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2002-05-14
New Orleans, LA. Wal-Mart Developer Bought More Than Just Land

In New Orleans, Louisiana, money doesn't just talk -- it speaks at public hearings. According to the Urban Conservancy and the Times Picayune newspaper, the developer who recently pushed a Wal-Mart superstore into the Lower Garden district of New Orleans, had a generous payroll that included some "community activists", who spoke early and often in favor of the plan. Here's the Urban Conservancy account: "This week brings new revelations to the insult heaped on injury that is Wal-Mart in the Lower Garden District. The release of a document listing the contractors' fees paid by the euphemistically named Historic Restoration Inc. (HRI) identifies that many of the "concerned citizens" that came forward in support of the project were actually on the payroll. Perhaps this is why HRI CEO Pres Kabacoff had to defend the inflated figures the independent audit uncovered, numbers that make the St. Thomas redevelopment one of the most expensive in the country, ahead of cities including Los Angeles and New York City. The City Council disregarded the suggestions of the city's professional planners in their decision to allow the Wal-Mart to be built essentially to Wal-Mart's specifications -- city laws and historic districts be damned. The "Blue Ribbon" committee felt that it was not incumbent upon them to challenge the word of the "most successful retailer in America" in the words of committee member John Koerner. Councilmember Oliver Thomas used this stamp of pseudo-experts to hit a home run for donors to his election campaign, including Kabacoff, Wal-Mart and the owner of the land the Wal-Mart is to be built on (Darryl Berger, in partnership with Kabacoff). The cost of the "Blue Ribbon" committee was approximately $15,000, paid in the form of fees to ex-Planning Commissioner and longtime loyalist of Mayor Mark Morial, Kristina Ford. Scheduling meetings and making copies is apparently strenuous work, and ironically is more lucrative than the average annual salary of a Wal-Mart "associate"...The list of "third-party" contractors released recently by HRI helps complete the circle of paid influence. Minister Marie Galatas, whose church was previously known as "Queen of the South Christian Association," and one of the first to raise the "racist" label about opponents of the troubled project was paid consulting fees of $35,000. Others who received payments included Felton White, who delivered many a heartfelt speech about "the people of St. Thomas," and, it turns out, was paid $60,000 for services rendered. Danae Columbus of Katz/Columbus was paid $55,000 for services that included advertising in the Times Picayune decrying "racist preservationists." Columbus' business partner Allan Katz, has written a number of fulsome pieces on Wal-Mart's entrance into the Lower Garden District that portrayed the issue as a battle of economic development versus preservationists. His work has been published in weekly e-mails, faxes and on the web acting as the moderator of a "news" section of a local website. Urban Systems, the contractor who delivered the only traffic study of the area to date, should be disappointed. They were paid only $25,000 for their services, painting a rosy picture of post Wal-Mart traffic on Tchoupitoulas. Pollster Silas Lee was paid $20,000 for published polling results like "[of the poll/focus group participants] 69% believe that the benefits of the Wal-Mart project outweigh the negatives." And what city contract would be complete without a plum for a Morial ally? Bobby Major's company, Major Services was paid $350,000 in consulting fees. Perhaps all of these "professional services" have led to what the independent audit identified as inflated costs that the HRI CEO defended as premiums for taking on this "risk." If we are to consider Wal-Mart to be the master retailer they are, clearly they are not moving into the St. Thomas as a risky venture, unless using one of their suburban model stores instead of one of the new Dallas models is a risk. As many critics have asked, why can't New Orleans do better? The answer is economics, plain and simple. It is less expensive for developers, major retailers and anyone with deep pockets to buy influence in New Orleans than it is to compete on even a slightly level playing field. Until we demand a change in how business is done in this city, how decisions are made, including how zoning laws are enforced, we will be sold out to the benefit of a few velociraptors who will take what they can from the city and leave us in a worse mess than before. These same people will wag their fingers at our "regressivism" when the next scheme is launched.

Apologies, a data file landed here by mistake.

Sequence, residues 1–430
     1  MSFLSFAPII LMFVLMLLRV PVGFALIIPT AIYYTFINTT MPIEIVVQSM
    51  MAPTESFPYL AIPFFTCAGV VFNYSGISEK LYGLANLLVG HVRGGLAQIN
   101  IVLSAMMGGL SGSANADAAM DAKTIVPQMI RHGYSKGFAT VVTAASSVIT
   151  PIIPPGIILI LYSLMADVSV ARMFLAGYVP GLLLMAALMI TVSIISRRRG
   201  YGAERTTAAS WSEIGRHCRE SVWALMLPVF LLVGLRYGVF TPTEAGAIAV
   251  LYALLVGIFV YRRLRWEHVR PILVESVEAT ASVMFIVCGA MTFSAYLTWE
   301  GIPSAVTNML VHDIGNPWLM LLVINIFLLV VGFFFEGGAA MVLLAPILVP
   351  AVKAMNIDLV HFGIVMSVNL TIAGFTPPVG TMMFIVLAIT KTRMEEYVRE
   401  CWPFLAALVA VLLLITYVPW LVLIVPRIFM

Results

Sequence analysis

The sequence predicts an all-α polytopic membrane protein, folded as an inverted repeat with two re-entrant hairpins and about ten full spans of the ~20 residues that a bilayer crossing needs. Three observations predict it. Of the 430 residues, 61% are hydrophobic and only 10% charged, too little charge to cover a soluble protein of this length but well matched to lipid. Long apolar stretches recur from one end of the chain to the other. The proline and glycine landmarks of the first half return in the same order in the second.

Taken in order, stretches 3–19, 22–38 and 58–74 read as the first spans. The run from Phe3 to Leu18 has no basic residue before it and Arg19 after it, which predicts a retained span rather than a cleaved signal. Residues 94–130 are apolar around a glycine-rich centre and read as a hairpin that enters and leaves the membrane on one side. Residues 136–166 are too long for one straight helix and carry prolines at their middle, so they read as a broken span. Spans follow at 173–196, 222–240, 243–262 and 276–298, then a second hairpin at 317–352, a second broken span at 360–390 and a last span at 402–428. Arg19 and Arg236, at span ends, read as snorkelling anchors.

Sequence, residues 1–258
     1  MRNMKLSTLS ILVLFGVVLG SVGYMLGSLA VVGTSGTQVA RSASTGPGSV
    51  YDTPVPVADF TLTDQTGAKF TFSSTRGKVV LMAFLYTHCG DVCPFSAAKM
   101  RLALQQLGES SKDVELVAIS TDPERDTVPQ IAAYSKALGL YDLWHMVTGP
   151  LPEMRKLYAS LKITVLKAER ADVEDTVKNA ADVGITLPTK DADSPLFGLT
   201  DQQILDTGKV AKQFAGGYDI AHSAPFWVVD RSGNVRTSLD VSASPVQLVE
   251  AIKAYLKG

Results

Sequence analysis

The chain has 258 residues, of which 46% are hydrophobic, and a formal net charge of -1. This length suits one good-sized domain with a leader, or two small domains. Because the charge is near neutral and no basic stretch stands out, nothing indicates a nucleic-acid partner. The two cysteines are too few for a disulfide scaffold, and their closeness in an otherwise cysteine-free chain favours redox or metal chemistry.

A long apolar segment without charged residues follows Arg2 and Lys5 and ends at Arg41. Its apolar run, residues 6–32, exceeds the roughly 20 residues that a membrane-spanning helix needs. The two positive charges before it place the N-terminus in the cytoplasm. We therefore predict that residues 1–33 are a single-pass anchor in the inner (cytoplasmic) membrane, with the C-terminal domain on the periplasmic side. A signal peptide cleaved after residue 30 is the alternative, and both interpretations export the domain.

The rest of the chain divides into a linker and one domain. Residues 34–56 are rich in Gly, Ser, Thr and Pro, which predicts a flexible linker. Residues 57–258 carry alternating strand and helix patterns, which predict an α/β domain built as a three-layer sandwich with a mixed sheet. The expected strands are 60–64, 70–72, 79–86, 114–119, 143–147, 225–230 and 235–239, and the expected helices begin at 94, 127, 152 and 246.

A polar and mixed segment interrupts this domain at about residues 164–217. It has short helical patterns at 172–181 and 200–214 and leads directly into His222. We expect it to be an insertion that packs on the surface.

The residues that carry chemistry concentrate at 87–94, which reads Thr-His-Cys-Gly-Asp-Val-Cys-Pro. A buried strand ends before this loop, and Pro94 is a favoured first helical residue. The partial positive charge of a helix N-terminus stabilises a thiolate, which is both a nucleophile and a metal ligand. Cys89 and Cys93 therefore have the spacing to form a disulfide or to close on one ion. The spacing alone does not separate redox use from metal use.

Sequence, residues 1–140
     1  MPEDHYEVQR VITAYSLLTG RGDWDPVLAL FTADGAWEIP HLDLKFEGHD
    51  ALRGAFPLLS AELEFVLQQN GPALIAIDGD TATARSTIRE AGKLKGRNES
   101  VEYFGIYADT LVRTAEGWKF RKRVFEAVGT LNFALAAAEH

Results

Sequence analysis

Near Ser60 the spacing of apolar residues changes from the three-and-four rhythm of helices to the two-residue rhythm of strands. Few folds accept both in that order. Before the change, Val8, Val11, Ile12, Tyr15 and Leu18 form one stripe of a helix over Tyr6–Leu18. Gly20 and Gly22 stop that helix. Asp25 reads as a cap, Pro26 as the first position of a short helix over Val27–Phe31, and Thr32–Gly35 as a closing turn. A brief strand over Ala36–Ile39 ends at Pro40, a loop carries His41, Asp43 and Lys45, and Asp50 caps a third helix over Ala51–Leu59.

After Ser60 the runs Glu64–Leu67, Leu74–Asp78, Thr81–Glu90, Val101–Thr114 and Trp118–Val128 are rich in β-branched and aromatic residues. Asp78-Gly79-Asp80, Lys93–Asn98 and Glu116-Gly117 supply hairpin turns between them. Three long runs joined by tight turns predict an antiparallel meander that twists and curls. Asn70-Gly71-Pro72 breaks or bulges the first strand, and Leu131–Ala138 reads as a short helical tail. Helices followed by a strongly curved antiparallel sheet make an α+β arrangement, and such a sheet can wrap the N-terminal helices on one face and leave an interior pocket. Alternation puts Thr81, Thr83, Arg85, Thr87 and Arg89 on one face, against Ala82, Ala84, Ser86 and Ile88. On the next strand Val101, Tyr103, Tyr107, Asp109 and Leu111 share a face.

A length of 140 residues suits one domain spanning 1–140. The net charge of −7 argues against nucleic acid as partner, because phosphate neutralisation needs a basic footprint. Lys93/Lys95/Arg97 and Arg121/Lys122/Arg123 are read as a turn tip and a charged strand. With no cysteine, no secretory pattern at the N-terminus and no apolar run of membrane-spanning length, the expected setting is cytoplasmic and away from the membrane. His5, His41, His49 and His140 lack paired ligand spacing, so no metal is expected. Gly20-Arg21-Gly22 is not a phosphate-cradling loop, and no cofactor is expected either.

What you can do: When local anti-sprawl activist Bill Borah found out that the "Blue Ribbon committee" appointed by the Mayor to "review" the proposed Wal-Mart project was going to be paid $15,000 by the developer, HRI, he told the newspaper: "I thought the committee was supposed to be objective..(this) is just another illustration of how bankrupt the planning process is in this city." The developer protested that it was "nonsense on stilts" to suggest that the panel was "insincere and dishonest in their unanimous approval of the St. Thomas project because HRI paid an organizatoinal fee." But in a Picayune column, writer James Gill said the committee "rolled over and gave Wal-Mart just about everything they wanted." The release by the developer of his list of "third party contractors", including community activists on the payroll, was "just having a laugh at our expense," Gill said. For more background, search this database by "New Orleans", and contact www.urbanconservancy.org.










 
 
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